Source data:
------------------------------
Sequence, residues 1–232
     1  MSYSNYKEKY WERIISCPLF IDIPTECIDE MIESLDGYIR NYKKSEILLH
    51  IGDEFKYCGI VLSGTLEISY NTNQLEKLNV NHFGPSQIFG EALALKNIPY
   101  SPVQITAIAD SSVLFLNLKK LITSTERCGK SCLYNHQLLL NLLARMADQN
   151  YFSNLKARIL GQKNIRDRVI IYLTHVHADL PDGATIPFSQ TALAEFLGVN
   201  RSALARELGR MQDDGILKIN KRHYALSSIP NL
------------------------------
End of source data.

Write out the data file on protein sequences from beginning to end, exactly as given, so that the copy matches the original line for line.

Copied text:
Sequence, residues 1–232
     1  MSYSNYKEKY WERIISCPLF IDIPTECIDE MIESLDGYIR NYKKSEILLH
    51  IGDEFKYCGI VLSGTLEISY NTNQLEKLNV NHFGPSQIFG EALALKNIPY
   101  SPVQITAIAD SSVLFLNLKK LITSTERCGK SCLYNHQLLL NLLARMADQN
   151  YFSNLKARIL GQKNIRDRVI IYLTHVHADL PDGATIPFSQ TALAEFLGVN
   201  RSALARELGR MQDDGILKIN KRHYALSSIP NL